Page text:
Here's a secret that is known only to a select few, for centuries the Irish have had a sort of empire of our own. 

The main difference between our little version and the much bigger British one is is that we didn't slaughter over half the globe to achieve it. 

I know what you're thinking: show me proof of this empire you speak of. I understand your skepticism. When you're busy being invaded and colonized you don't have time to notice the outsized impact your remote little island is having on the world. You're far too busy with other things like revolts and evictions and trying not to starve. 

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But in the last few decades, after four centuries underwater, we have finally found the time to break the surface and have a look around. The damage, though extensive, has not been completely fatal. That's news. We have kept both our counsel and our nerve. That's news too. We are distinctive and distinct still. It's remarkable.

So what is the great lesson of the Irish? Well, we have a lot to say now on the subject of how to resist oppression and the entire world has been reading our well-written reports.

It turns out that people much prefer it if you entreat rather than enslave them. That fact alone has won us more friends around the globe than we ever thought.

The reason why we currently have a Taoiseach (Prime Minister) who looks like his pulse rate never hits higher than 60bpm is that restraint is the only possible answer to the endless saber-rattling of the DUP and the basket case politics of Brexit.

If your next-door neighbors have taken to assembling patriotism tests and daily circular firing squads you will look like a model of restraint and erudition simply by refusing to be drawn into their maelstrom. 

Besides we have already had our dark night of the soul, dozens of them actually, between famine and civil war and mass emigration, and if there's one thing we have learned it's that you're better off bound together than out on your own. 

So Boris and his supporters can drop their creaky portcullis and retreat to their gloomy castle and hope to evade history and all the bills that are due, but that's not how it works. The best that we can do now is leave them to it and insist they contain their own squabbles to themselves.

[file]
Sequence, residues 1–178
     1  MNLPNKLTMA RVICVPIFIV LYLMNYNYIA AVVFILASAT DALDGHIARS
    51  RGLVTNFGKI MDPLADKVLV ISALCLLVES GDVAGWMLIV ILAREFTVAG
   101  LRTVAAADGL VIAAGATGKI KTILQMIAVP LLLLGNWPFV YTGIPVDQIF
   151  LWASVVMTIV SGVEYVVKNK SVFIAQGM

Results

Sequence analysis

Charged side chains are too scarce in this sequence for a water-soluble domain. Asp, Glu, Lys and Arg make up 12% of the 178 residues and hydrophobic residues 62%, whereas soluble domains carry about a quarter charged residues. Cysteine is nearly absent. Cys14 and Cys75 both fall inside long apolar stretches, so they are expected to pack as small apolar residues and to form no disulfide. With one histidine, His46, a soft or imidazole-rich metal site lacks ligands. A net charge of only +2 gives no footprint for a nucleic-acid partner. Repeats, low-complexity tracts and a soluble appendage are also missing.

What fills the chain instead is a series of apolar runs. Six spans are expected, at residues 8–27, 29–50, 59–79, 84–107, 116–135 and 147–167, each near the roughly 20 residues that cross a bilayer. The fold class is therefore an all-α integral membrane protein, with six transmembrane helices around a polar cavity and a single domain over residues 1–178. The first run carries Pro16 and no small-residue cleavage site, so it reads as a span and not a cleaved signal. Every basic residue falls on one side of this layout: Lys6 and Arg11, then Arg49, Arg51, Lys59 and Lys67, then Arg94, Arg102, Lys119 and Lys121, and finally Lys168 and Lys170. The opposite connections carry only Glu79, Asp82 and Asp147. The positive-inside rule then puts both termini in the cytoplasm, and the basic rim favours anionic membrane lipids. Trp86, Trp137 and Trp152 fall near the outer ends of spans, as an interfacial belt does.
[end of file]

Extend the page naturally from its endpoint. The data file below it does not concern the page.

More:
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Because another crucial thing we have learned is to resist fundamentalists and fundamentalism of every stripe. Call it our “fair play” doctrine, or “auld decency” if you want to go further back. We have a native suspicion of people who try to sell us the kind of castles in the air that are promised by the current crop of politicians.

We know the truth. Millennials can't afford to buy houses. They don't have job security. They don't have savings. Homeownership is a complete nonstarter for a whole generation of them in the endless gig economy in which they work and live in now. Climate change has set whole nations on fire. This is not the best of times, nor is it great, far from it.

How did we learn our bone-deep pragmatism? The hard way. Colonialism and starvation and economic collapse and enforced emigration didn't plan to do us any favors, quite the reverse. They hit us like a meteorite and scattered millions of us around the planet.

Events overtook one of the most anchored people in Europe, people uniquely committed to the home place and townland, and made reluctant voyagers of us.

But now after four centuries of action and achievement, we are finally looking around the planet and seeing that our presence – from Tipperary to Tokyo – is an enviable and viable soft power that is only waiting to be better appreciated and harnessed.

There are hundreds of colorful Irish parades each year in countries that are as far from Ireland as it is possible to be now. People who have never been closer than a Guinness glass to Dublin don green and take to the streets and celebrate what they love: Irish friendliness, community, culture, the craic. It's a momentary takeover without a shot fired. You can't put a price on it

So we can't leave the Diaspora and its importance to our government alone, I think. Governments change, as do their missions. Our corporations only promote their bottom line. We need to create dynamic new international Irish cultural programs that better link our Diaspora to the mothership of Ireland itself. 

The Epic Museum in Dublin is a good example of the kind of project that we need to undertake now, being a database and hive mind of the experiences of our Diaspora, a place to house their stories and record all the lessons they learned.

Because we need to keep learning from each other, wherever the wind has taken us, and whatever is made of us. 

The surprise is that still, you're as Irish in Melbourne as you are in Maynooth. We have been far too restrictive in our understanding of that fact. Being Irish isn't just a condition of birth, it's a cultural inheritance and a way of being alive in the world, and we haven't even seen the half of it yet.

That great work is just beginning.

What do you think? Let us know in the comments section, below. 

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